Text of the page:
The teachings of the Buddha (which form the basis of the doctrine of Buddhism) are:
• The three universal truths (which illustrate the law of karma )
• The four noble truths (which explore human suffering )
• The noble eightfold path (which enunciates the eight practices for liberation from the cycle of reincarnation, represented by the wheel of Dharma )
It is precisely in the eightfold path that meditation forms the basis of three practices of liberation (right effort, right mindfulness and right concentration). Being aware in the present moment is fundamental for an adequate life and for the development of self-awareness.
Buddhist meditation techniques
As we have seen, meditation occupies a central place in Buddhism and, in its higher stages, combines the discipline of introspection with the insight derived from wisdom or prajna . The object of concentration, kammatthana , can vary according to the individual and the situation. Below we explore the three most popular Buddhist meditation techniques: Samatha, Vipassana, and Metta.
Samatha means “tranquility” and is a Buddhist practice that focuses on developing calm , clarity and equanimity .
With proper guidance and commitment, cultivating these qualities can lead to deep inner peace . When combined with vipassana (awareness), it can lead to profound insights and even spiritual awakening . The initial stages of this meditation technique are essentially non-denominational and can be practiced by anyone regardless of their religion.
This form of meditation is particularly suitable for those looking for a way to develop meditation practice and the benefits it can bring, while continuing with the challenges of daily life. The mind is brought to a state of rest and is not allowed to wander from one thought to another.
Samatha has its roots in the Thai Buddhist tradition and was introduced to England in 1962 by Nai Boonman, a Thai meditation teacher.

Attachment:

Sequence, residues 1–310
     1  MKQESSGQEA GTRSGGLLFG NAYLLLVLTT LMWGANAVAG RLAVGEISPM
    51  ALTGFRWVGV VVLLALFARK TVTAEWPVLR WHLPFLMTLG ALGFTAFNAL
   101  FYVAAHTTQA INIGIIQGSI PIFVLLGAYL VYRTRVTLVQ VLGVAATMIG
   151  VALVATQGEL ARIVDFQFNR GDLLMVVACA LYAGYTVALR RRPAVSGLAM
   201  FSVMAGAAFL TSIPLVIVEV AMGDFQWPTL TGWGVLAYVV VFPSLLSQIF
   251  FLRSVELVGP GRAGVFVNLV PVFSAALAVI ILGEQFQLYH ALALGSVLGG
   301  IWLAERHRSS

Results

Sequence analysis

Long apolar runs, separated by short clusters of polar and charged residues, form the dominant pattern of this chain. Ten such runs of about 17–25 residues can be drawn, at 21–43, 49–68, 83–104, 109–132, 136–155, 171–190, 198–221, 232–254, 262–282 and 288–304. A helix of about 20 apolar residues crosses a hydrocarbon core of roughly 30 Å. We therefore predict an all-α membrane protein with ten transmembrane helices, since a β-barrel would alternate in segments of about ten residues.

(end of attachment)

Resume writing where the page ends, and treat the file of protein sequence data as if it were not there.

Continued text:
How to do Samatha meditation
The basic practice of samatha meditation is as follows:
- Sit in a comfortable meditation position – find a pose that doesn’t hurt your back or knees.
- Keep your back straight and try to find the right compromise that allows you not to be too stiff or too relaxed.
- Watch your breath – you don’t have to manipulate your breath, use abdominal breathing, or increase the depth of your inhalations as in other meditation techniques. Breathe normally and pay attention to the breathing process, one breath at a time.
- Keep your awareness focused on the act of breathing, but without making it an exercise in pure concentration: you should keep an attitude of curiosity, as if you want to find out more about the way your breathing works.
- Recognize the thoughts that crop up in your mind without getting involved. Watch them and let them go, then return to focus on the breath. Let the thought arise, become aware of it and then let it go.
Vipassana is one of the oldest Buddhist meditation practices and can be roughly translated with the term “intuition” intended as a deep awareness of what is happening, exactly how it happens.
Most meditative practices focus on Samatha, as they ask the individual to focus on one thing (e.g. the breath) and exclude all other thoughts.